Dr. David Vauzour is Senior Research Fellow and Principal Investigator at Norwich Medical School at the University of East Anglia, UK. He completed his PhD in Chemical and Biological Sciences for Health, Faculty of Pharmacy at the University of Montpellier in France. His research interests concern novel dietary or therapeutic strategies to delay brain ageing, cognitive decline and cardiovascular disease, including stroke and vascular dementia and involves the fields of oxidative stress, free radical biochemistry, neurodegeneration and the health effects of dietary polyphenols, as well as the role and impact of the microbiota and the microbiome-gut-brain axis on mental health.

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References and Further Reading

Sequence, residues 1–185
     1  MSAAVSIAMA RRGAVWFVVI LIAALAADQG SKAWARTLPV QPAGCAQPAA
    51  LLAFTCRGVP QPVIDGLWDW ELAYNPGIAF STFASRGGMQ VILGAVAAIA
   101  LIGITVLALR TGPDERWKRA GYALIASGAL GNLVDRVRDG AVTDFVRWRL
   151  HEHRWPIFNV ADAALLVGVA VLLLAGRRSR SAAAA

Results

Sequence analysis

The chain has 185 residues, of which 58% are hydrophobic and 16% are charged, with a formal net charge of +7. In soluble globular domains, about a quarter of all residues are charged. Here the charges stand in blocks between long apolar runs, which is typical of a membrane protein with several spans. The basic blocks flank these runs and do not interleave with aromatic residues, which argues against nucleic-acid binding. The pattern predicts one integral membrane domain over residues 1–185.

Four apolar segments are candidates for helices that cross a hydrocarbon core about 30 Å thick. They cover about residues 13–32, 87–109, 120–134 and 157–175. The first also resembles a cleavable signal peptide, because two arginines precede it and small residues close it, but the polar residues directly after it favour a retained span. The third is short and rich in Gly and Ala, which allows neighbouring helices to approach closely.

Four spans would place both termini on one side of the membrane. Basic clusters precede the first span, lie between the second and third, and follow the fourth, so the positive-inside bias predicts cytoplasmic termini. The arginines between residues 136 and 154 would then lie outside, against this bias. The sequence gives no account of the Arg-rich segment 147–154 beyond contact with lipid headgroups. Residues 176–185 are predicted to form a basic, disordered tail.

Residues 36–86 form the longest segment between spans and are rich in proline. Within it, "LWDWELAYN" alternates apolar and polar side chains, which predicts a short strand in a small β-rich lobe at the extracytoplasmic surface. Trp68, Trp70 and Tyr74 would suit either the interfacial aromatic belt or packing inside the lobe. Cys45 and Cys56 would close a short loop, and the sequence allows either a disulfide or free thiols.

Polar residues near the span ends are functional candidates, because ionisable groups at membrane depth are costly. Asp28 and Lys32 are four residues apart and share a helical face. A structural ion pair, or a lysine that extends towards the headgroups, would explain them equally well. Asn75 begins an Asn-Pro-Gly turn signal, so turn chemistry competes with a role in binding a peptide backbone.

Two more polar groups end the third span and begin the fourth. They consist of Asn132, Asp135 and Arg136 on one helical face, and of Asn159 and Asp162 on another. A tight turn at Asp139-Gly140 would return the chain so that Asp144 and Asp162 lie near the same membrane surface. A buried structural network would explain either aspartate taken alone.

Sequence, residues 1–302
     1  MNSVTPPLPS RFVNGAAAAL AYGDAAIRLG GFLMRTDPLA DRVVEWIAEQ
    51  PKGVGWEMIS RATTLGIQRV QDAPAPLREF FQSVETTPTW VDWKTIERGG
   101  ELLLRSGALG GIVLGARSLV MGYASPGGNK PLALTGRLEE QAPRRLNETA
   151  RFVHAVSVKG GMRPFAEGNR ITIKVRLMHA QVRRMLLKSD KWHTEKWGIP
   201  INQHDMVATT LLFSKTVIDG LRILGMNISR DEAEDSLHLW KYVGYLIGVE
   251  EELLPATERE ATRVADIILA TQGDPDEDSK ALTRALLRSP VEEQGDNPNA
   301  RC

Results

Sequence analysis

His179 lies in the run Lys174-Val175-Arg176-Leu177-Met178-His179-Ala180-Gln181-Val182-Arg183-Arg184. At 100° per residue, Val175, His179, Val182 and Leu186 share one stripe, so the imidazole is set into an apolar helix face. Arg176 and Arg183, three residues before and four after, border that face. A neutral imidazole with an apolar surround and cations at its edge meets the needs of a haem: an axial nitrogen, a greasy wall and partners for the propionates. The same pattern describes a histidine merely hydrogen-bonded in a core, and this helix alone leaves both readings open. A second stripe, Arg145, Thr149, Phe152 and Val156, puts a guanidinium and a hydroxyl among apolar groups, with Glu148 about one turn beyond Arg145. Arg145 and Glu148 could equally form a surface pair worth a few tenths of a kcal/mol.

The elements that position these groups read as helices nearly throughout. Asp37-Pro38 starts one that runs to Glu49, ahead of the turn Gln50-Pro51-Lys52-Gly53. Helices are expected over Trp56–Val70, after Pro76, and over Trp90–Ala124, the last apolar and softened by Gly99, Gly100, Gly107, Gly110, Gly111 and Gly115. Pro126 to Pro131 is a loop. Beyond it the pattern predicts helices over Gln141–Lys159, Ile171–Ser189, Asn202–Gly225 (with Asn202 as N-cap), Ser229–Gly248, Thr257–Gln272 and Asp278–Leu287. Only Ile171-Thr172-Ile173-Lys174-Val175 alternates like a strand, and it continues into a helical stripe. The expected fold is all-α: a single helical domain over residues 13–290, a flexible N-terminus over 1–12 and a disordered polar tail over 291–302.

This article is adapted from A.Chakrabarti et al’s paper entitled  ‘The microbiota–gut–brain axis: pathways to better brain health. Perspectives on what we know, what we need to investigate and how to put knowledge into practice’. Cellular and Molecular Life Sciences (2022) 79:80, co-authored with Dr David Vauzour
https://doi.org/10.1007/s00018-021-04060-w.

The reference numbers given are those found in this research paper, downloadable at https://link.springer.com/article/10.1007/s00018-021-04060-w